He tells us this with such phrases as ‘the burnt out ends of smoky days’ and ‘newspapers from vacant lots’. When Eliot says ‘the grimy scraps’ he, again, is referring to the leftovers or the remains of the day. This same image is used when talking about the ‘lonely cab-horse’ as it has done its’ duty during the day and is no longer needed at night. In the second paragraph he talks about the leftovers of the nigh when he says ‘faint stale smells of beer’ and ‘sawdust trampled streets’. Drinking beer in the sawdust-floored pubs was a predominately night activity and so the reader gains the impression that Paris is full of ‘leftovers’ of the period of time that has passed. Eliot thinks more about people in this poem than either Blake or Wordsworth. He talks about the ‘masquerades’ that surrounds the city and then goes on to explain what people are like in reality. Eliot talks about the ‘dingy shades’ in ‘a thousand furnished rooms’, which is what the people of the city are really like.
Eliot’s poem spans a greater period of time than either Blake or Wordsworth and so is able to cover the many different sides of the city. Blake does not specify or even imply a time of day or year until he talks about the ‘midnight streets’. Wordsworth focuses solely on the materialistic side of London. He states that only a person lacking in life force/spirit could pass by such a beautiful sight and that buildings can touch your soul and can inspire emotion. He talks about the fields outside London, ‘open unto fields, ‘glittering’ which suggests beauty and value. Wordsworth is so overcome that no mortal words strong enough to describe his feelings of the city so he uses ‘Dear God!’. The only time in the poem that Wordsworth does mention a non-materialistic value of the city is when he talks about the tranquillity and mentions the ‘mighty heart is lying still’. This could be commerce which was, and still is, the heart of the city. ‘Ships & towers’ also points to trade and commerce.
The poem ‘Preludes’ also covers the other side of the city, the commercial side which Wordsworth only just touched upon. Eliot talks about a businessman who has a large ego, as we are shown with the phrase ‘his soul stretched tight across the sky’. The tightness of his ego could be that it has been made to go further than it actually should and therefore is fragile and likely to break at the slightest problem. Eliot mentions that they go home at ‘four and five and six o’clock’ and so life is predictable. The final two line of the fourth paragraph suggests that the businessmen are corrupt, ‘blackened’ and so the process of corrupting has been completed, and that they are prepared to be corrupt in order to become more successful at work. The businessman, a banker or suchlike, is corrupted in a different way to the ‘soiled’ harlot, as he does not know that he is corrupted. The businessman also has some luxuries such as the newspaper and a pipe.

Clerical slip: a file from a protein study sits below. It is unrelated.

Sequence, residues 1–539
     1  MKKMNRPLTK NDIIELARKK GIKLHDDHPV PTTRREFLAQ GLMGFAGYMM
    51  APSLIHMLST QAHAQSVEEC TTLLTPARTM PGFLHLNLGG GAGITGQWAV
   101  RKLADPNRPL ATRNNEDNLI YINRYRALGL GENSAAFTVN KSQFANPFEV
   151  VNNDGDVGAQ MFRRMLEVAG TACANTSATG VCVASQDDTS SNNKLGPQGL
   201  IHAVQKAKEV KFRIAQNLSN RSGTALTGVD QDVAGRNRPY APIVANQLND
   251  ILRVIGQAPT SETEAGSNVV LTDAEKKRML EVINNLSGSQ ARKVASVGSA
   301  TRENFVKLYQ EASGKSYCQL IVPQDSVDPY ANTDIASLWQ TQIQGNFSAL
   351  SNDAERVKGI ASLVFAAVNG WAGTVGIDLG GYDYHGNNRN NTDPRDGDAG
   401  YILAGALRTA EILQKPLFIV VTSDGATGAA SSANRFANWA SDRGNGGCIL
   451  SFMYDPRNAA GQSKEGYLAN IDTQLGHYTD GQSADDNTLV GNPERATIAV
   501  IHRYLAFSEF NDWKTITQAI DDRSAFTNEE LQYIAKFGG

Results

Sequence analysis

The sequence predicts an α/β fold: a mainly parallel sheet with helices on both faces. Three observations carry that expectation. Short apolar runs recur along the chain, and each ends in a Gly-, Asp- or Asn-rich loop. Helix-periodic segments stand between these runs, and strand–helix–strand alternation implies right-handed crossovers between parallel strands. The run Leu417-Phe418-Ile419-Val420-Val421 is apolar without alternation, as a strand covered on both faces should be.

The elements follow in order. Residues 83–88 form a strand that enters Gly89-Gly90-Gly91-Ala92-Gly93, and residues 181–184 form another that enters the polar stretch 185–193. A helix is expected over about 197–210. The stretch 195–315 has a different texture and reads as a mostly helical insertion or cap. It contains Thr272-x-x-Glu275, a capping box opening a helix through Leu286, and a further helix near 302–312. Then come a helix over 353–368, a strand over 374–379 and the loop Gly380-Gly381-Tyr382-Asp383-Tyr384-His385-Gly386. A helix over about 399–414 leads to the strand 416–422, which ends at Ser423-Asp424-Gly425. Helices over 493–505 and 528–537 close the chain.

Both of the poems that deal with the somewhat negative side of cities mention prostitutes, despite the difference in time between the two poems (‘London’ in 1798 and ‘Preludes’ in 1917) and distance (‘London’ was set in London whereas ‘Preludes’ was set in Paris’). The prostitutes represent the seeded and sordid side of the city and represent corruption. Eliot talks at great length of the prostitute and how her soul is made up of thousands of ‘sordid’ images. Eliot talks about the prostitute curling up into a ball in defence, ‘clasped the yellow soles of feet’, perhaps from the images that she has seen. The image of her ‘soiled hands’ also points to corruption.
The phrase ‘you had such a vision of the street’ suggests that she sees the street in a different way to other people, as she knows the evil that lies there. This is another form of masquerades. The curls in her hair, ‘you curled the papers from your hair’, suggests innocence as children often have curls in their hair. Blake uses the prostitute as a symbol of the corruption that has gripped London. He tells us this with his use of the words ‘but most thro’ midnight streets I hear…the youthful Harlot’s curse’. Midnight is the first point in the poem that Blake has mentioned a time and this suggests that he wants to emphasise the evil and corruption of London by using midnight when all is dark and a prostitute who is a symbol of corruption as she corrupts herself. He makes the reader more sickened by mentioning that the Harlot is young and so would have had a life in front of her had corruption not taken hold.
As Eliot’s poem is a great deal longer than either Wordsworth’s or Blake’s in the penultimate paragraph of ‘Preludes’ Eliot is able to give a personal opinion of the city of Paris and says that the city has a gentle thing, which has infinite suffering thrust upon it. This description could be likened to Mother Earth who gives, yet does not receive, and so will suffer infinitely for the damage that humans have caused her.